Phoenix Productions’ National Tour of Fame, the youthful high-octane song-and-dance musical inspired by the multiple Academy Award®-winning motion picture and the subsequent Emmy Award-winning reality-based NBC television series of the same name, returns to the Triangle June 1-6 as part of the Broadway Series South Encore Series. (Broadway at Duke sold out Page Auditorium last Nov. 17 for a performance of Fame, with the same director and choreographer and virtually the same cast. It received an enthusiastic and prolonged standing ovation at the final curtain.)

Like British director Alan Parker’s award-winning 1980 MGM/United Artists motion picture Fame, with its Oscar-winning title tune by Dean Pitchford and Michael Gore and its Academy Award-winning score by Gore, and the subsequent highly successful 1982-87 television series, Fame the Musical was originally conceived and developed by David de Silva, a.k.a. “Father Fame.” The musical features a book by Jose Fernandez, melodies by Steven Margoshes, and lyrics by Jacques Levy.

Fame the Musical debuted at the Coconut Grove Playhouse in Miami in 1988. The original production of Fame later played the Walnut Street Theatre in Philadelphia in 1989.

The current National Tour of Fame, smartly staged by director Bill Castellino and crisply choreographed by Joshua Bergasse, is set at New York City’s famous High School of Performing Arts in the early 1980s. This coming-of-age musical follows 10 dance, drama, and music prodigies through four years of high school (1980-84) as they thirst for fame, hone their craft, fall in love, struggle with basic academic subjects, and cope with the common adolescent problems, including sex, drugs, crises in self-confidence, academic shortcomings, etc. These up-and-coming artists comprised the last class to graduate from the High School of Performing Arts’ old building on West 46th Street.

In preshow publicity, Phoenix Productions co-founder and artistic producer Michael McFaddon claims, “The reason Fame is so popular with audiences is that it promotes the idea that success follows talent and dedication, but not without its share of highs and lows. Even with talent, there are victories and defeats, laughter and tears.”

The popular performing-arts school current receives more than 15,000 applications annually for less than 1,000 slots, according the Broadway Series South press kit.

Famous New York City High School of Performing Arts alumni include Diahann Carroll, Janis Ian, Eartha Kitt, Shari Lewis, Liza Minnelli, Caroll O’Connor, Al Pacino, Jerome Robbins, Suzanne Vega, Ben Vereen, and Billy Dee Williams. Debbie Allen played faculty member Lydia Grant in the movie and the TV series, and Fran Drescher (“The Nanny”) and pop singer Janet Jackson portrayed students in the series.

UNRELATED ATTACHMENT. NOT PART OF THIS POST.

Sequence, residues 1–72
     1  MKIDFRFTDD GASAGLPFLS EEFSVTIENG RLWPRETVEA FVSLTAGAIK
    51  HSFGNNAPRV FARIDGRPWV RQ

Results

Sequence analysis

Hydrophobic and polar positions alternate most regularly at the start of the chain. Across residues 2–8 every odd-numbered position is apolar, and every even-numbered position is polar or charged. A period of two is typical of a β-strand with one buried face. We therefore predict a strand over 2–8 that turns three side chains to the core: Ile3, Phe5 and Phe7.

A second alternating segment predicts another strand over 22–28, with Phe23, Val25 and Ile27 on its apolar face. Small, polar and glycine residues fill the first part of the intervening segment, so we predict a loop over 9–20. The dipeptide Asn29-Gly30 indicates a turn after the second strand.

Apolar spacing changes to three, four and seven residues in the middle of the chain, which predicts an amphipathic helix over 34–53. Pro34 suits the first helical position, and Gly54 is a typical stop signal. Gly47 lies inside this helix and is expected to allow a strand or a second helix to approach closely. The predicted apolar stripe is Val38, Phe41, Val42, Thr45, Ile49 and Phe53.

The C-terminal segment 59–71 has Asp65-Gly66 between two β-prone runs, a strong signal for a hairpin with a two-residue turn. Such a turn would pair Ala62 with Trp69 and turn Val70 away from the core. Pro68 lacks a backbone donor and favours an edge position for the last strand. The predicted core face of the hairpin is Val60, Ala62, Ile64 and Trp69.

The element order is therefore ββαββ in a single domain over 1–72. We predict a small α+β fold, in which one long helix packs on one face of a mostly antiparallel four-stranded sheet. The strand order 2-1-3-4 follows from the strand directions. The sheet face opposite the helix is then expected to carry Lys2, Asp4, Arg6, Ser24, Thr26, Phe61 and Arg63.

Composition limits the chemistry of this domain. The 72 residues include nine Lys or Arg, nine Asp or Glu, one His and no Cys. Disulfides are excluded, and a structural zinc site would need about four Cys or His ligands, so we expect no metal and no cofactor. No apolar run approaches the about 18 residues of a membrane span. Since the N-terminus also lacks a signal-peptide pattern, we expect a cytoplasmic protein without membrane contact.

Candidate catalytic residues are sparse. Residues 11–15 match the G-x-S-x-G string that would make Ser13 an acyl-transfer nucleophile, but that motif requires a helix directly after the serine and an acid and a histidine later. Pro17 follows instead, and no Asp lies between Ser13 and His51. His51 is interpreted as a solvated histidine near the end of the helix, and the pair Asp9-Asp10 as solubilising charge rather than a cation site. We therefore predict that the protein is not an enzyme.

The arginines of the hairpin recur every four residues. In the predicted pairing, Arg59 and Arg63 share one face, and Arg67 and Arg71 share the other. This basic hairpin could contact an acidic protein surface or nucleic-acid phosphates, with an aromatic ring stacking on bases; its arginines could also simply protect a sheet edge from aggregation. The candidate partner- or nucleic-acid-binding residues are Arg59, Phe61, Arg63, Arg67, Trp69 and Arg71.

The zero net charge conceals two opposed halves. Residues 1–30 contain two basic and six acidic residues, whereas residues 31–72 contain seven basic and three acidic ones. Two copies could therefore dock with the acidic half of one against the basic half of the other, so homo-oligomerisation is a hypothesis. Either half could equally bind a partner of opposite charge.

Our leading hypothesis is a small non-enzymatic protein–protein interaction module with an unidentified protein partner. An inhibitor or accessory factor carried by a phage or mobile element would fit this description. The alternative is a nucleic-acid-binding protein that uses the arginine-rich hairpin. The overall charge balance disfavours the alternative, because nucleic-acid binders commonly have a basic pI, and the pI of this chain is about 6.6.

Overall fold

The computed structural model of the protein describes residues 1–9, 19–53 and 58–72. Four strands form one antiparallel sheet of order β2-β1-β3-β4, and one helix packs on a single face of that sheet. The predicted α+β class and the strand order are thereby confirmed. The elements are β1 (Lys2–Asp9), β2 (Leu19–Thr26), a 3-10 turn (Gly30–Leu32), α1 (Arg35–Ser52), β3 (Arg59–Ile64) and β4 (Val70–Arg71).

The cast for the National Tour stars Joe Carney as teenage acting veteran Nick Piazza, Megan Elizabeth Lewis as novice actress Serena Katz, Mekia Cox as lovely Latina songstress Carmen Diaz, Pablo Murcia as class clown and Freddie Prinze wannabe Joe “Jose” Vegas, Julie Burdick as dance prodigy Iris Kelly, Justin Speranza as nerdish budding violin virtuoso Schlomo Metzenbaum, Anthony Wayne as awesome African-American dancer/choreographer Tyrone, Elana Architzel as oddball drummer Grace “Lambchops” Lamb, and Kellee Knighten as aspiring (but overweight) dancer Mabel Washington, and David Rossetti as Goodman “Goody” King.

The show also stars Toni Malone as strait-laced English teacher Ester Sherman and Dana Baráthy as free-spirited dance teacher Greta Bell, with David DuPont (Mr. Sheinkopf) and Shawn Pennington (Mr. Myers) playing other faculty members.

“If you believe you’re gonna live forever or envision dancing on tops of cars down 46th Street, you are humming the wrong tune!” warns Miss Sherman.

The ensemble for Fame includes Jeffrey Bailey, Gretchen Burghart, Brannon Chase, Mike Evariste, Tiffany Howard, Michael Jenkinson, Yashira Perez, Kiira Schmidt, and Kyle Vaughn.

In reviewing this troupe’s Nov. 17 appearance at Duke University, Robert’s Reviews wrote: “The Steve Margoshes and Jacques Levy songs provide the entire cast an opportunity to shine, and they do. Showstopping numbers include Megan Elizabeth Lewis’s solo on ‘Let’s Play a Love Scene’ and ‘Think of Meryl Streep’; Kellee Knighten’s comical complaint in ‘Mabel’s Prayer’ about being the world’s fattest ballet dancer; and Toni Malone’s heartfelt vocal on ‘These Are My Children.'”

Broadway Series South presents Fame the Musical Tuesday-Friday, June 1-4, at 8 p.m.; Saturday, June 5, at 2 and 8 p.m.; and Sunday, June 6, at 2 and 7 p.m. in Raleigh memorial Auditorium in the BTI Center for the Performing Arts, 1 E. South St., Raleigh, North Carolina. $17.50-$57.50. BTI Box Office: 919/831-6060. Group Rates: 919/231-4575, tix@, or Broadway Series South: Fame the Musical: [inactive 8/04]. Fame (1980 Film): Fame (1982-87 TV Series):